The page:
A Guide to Chicken Nutrition
Knowing the Source
A significant benefit of raising your own chickens is the peace of mind that comes with knowing just what is and is not going into your chickens. If the saying is true, “you are what you eat”, you’ll likely want to provide your flock with quality feed. Raising chickens on high-quality feed not only attributes to strong and healthy birds in prime laying capacity but furthermore, makes for high-quality eggs and meat. Manufactured at the Meridian Feed Mill, each hand-crafted sack of Dr. Jim Z’s feed is filled with quality, locally sourced ingredients in a fixed ratio to guarantee ideal nutrition in every bag. Dr. Jim Z’s feeds are all free of chemical preservatives, antibiotics, and insecticides. Hens raised on Dr. Jim Z’s natural poultry feeds produce the most flavorful eggs around. Compare the deep, golden-yolked eggs produced with Dr. Jim Z’s feed to a typical grocery store egg, and the difference will be plain to see.
From hatching to about six weeks of age, young chicks require a Chick Starter feed. This is typically a crumble diet of about 18% protein. This diet is nutritionally complete, which gives the chicks the proper nutrition to support their growth and development into “adolescence”. After about two weeks of age, chicks can be offered small insects and pieces of greens and vegetables as treats. Insects and vegetables can be collected from outdoors, but be sure that any selection offered to the chicks is herbicide, and insecticide free. When feeding items alongside the Chick Starter, do so sparingly and provide a dish of Chick Grit to aid in digestion.
As the chicks mature, they will require a slightly different diet to meet their nutritional demands. At about seven weeks of age, chicks should transition from Chick Starter to Pullet Developer feed. Pullet Developer is a complete diet that is typically a crumble feed of about 17% protein. This feed should be offered from seven weeks to approximately 22 weeks of age. Once you observe more than half of your flock beginning to lay eggs you may transition the birds to a layer diet.
Lay Pellets and Crumbles
When at least half of the flock has begun to lay eggs (typically around 22 weeks old), transition the birds to a diet that will support the increased biological demand associated with laying. Lay Crumbles and Lay Pellets are two feed options for laying hens. Lay Pellets are a nutritionally complete diet consisting of about 16% protein. This diet is intended for birds that are allowed to do some foraging for insects, greens, and vegetables during the spring and summer months. During warmer months, hens require less energy (i.e. food) to maintain body heat and perform daily activities than in the cooler months. Due to the lower energy requirement and the supplemental food items collected while the hens forage, 16% protein in Lay Pellets is sufficient. When the cool season hits, the hens will require more energy to maintain body heat and will not have as much opportunity to forage. During these cooler months, hens should be fed the 20% Lay Crumbles, which provides more protein for the hens.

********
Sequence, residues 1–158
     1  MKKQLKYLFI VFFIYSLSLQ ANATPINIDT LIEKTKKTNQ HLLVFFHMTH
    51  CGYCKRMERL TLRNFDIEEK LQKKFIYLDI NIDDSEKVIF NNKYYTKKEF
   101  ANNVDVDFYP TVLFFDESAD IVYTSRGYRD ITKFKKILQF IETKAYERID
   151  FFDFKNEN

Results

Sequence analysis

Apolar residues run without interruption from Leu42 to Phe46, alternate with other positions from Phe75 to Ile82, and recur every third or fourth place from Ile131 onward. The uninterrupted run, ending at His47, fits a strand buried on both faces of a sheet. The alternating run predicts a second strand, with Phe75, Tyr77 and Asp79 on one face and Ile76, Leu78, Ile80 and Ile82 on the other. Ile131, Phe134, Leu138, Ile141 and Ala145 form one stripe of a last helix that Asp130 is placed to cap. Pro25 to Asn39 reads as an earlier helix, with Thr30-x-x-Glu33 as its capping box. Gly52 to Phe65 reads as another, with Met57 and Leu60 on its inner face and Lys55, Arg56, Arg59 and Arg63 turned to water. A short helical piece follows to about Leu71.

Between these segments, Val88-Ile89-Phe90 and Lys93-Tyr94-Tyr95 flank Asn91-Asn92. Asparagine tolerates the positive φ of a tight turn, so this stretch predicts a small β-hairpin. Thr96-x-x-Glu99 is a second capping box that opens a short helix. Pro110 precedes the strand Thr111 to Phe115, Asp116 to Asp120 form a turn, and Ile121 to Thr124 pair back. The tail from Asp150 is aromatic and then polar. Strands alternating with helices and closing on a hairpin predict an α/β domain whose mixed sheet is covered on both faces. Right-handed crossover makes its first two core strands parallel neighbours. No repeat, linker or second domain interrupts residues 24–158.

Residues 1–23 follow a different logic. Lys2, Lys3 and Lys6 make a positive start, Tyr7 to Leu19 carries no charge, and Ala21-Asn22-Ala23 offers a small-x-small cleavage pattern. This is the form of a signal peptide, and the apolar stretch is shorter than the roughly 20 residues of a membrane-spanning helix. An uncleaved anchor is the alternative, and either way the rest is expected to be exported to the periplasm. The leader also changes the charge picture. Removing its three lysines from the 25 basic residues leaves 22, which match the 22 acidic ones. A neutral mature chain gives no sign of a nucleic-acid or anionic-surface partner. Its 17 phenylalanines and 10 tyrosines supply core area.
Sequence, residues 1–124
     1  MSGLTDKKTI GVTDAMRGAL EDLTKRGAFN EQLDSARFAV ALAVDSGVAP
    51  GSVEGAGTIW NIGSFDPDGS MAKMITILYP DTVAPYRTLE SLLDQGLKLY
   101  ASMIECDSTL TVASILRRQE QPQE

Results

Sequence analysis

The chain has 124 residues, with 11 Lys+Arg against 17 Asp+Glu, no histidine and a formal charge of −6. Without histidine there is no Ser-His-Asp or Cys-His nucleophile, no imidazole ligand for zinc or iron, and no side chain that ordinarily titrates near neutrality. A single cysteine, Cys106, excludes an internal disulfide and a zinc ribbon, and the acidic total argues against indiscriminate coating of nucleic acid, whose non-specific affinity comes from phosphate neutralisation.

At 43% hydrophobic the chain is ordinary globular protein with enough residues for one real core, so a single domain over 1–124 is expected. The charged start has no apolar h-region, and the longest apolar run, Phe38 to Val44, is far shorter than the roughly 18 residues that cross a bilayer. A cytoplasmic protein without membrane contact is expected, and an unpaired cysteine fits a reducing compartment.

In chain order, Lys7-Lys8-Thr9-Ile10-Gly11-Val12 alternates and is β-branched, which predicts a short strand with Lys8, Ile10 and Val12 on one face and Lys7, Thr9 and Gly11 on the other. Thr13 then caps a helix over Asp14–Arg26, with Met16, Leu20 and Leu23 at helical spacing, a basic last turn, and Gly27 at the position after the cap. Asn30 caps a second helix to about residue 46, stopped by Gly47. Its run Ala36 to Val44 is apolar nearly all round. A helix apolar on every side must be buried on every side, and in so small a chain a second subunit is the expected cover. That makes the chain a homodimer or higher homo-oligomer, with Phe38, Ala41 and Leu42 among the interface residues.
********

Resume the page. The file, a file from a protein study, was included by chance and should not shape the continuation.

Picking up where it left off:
Hen Scratch and Supplements
Providing a portion of Hen Scratch alongside a nutritionally complete diet offers the birds variety and gives the birds the opportunity to practice foraging behavior. Hen Scratch is a mixture of scratch grains, such as cracked corn, whole white wheat, and whole red wheat, amounting to about 9% protein. Because this feed has a lower protein percentage than the complete diet, this feed should be offered as a supplement to the main diet and should amount to no more than 20% of a hen’s total diet during the summer months and no more than 10% of a hen’s diet in winter months.
A Few More
- Oyster shell is a natural calcium supplement that helps to maintain shell quality. Providing a portion of Oyster Shell in a separate feeder allows hens to free feed to boost the amount of calcium in the diet, which strengthens hens’ eggs.
- Hen Grit is an essential supplement to laying hens and adult birds. Very similar to Chick Grit, Hen Grit consists, of course, insoluble material that resides in the bird’s gizzard when ingested. This supplement aids in breaking food items into small, manageable pieces and promotes overall digestive health. Hen Grit should be provided in a separate feeder and should be available at all times.
Chicks and adult birds benefit from being free-fed (having a constant supply of food available). Feeders should be easily accessible and free of moisture. When using flip-top trough feeders or gravity feeders with dividers and/or openings, make sure there is a ratio of at least one opening per bird. Maintain a clean feeder.
When offering dietary supplements, always provide these in a feeder that is separate from the main diet